Willis Lamm's
Traffic Signal Collection

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  G.E. Signals

General Electric (GE) was a significant early traffic signal manufacturer. In 1923 GE bought Garret Morgan's traffic signal patent. Morgan didn't invent the first traffic signal but his design attracted GE's attention. Read story.

GE's Novalux and grooveback single face heads were quite popular. Their post WW-II one-piece 4-way had a distinctive look and was a practical signal. Their streamline single face model, introduced in 1954, was quite modern for its time. Early GE signals had holophane spiderweb pattern lenses. Later GE lenses had what we generally describe as a brick pattern. GE's traffic signal product line was taken over by Econolite in 1957 and Econolites are still made today.

The collection so far includes a 4-way, a single faced head with "brick" lenses, a Baltimore spec streamline single faced head and a streamline pedestrian head.

This particular 4-way came from Pittsburgh, PA.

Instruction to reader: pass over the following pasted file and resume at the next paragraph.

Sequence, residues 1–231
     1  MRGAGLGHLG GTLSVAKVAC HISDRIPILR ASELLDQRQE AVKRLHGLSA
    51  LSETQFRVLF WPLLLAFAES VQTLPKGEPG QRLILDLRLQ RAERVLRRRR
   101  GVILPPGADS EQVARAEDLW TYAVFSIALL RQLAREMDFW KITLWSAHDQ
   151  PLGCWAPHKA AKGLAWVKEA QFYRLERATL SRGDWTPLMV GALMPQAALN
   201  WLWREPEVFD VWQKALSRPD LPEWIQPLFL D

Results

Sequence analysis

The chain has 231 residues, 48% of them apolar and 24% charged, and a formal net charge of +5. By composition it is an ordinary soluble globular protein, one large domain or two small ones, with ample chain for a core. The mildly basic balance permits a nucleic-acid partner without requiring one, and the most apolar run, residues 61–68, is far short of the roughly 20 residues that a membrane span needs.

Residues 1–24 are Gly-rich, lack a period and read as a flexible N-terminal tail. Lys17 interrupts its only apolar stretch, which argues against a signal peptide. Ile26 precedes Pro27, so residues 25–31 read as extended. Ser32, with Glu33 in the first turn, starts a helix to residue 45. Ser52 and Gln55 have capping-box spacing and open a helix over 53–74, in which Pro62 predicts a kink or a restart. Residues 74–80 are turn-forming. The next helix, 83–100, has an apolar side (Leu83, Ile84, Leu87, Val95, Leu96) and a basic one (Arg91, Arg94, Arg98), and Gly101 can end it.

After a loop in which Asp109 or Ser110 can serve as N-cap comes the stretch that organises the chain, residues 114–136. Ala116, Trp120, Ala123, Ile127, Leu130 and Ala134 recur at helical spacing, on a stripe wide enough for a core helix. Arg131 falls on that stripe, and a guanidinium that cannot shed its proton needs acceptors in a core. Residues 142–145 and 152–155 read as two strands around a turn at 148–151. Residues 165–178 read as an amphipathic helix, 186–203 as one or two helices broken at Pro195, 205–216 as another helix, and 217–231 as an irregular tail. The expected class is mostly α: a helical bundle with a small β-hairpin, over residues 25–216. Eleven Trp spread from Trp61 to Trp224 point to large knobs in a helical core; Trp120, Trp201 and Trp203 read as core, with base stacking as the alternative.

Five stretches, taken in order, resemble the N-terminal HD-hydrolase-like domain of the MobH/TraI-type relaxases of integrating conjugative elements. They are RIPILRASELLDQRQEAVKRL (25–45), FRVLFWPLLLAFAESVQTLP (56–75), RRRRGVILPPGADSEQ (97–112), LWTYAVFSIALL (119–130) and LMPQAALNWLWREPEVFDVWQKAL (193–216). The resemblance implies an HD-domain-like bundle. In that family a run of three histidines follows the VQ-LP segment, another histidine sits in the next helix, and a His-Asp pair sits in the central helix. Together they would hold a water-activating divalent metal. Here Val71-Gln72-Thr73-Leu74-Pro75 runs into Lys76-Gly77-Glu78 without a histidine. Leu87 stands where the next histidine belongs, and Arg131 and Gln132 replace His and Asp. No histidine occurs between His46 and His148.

The G.E. Four Way

This signal came with an assortment of lenses. I made up a complete set of spiderwebs using a combination of old GE Holophane and Siemens spiderweb lenses. Both types of lenses were virtually indistinguishable except that the Holophane lenses had the GE logo in the center of the lens and the Siemens lens rims were a fraction smaller than the Holophanes.

Remembering the spiderweb pattern as a youngster, I opted to go with spideys on this signal. See if you can tell the difference between the lenses.


Combination of Holophane and Siemens lenses.
Which one is the original GE lens?
Here are some other GE characteristics.

The gooseneck weatherhead and hanger is somewhat unique. The hanger clamps to a ball on top of the gooseneck. Two bolts can be loosened to adjust the direction of the signal.





This signal uses "cereal bowl" glass reflectors that clamp against the doors. The signal appeared to have originally come with a terminal strip that was mounted to the inside of the top plate, however it may have broken off. This particular unit now has a pendant terminal strip. The socket hanging at the bottom of the loom is used for the down light and fits into the down light reflector.

Field stripping to sand and paint.
Painted, assembled and ready to test.
Installing the down light.
Down light operating.



This was a nice signal to restore.


Continue to G.E. Grooveback Signal

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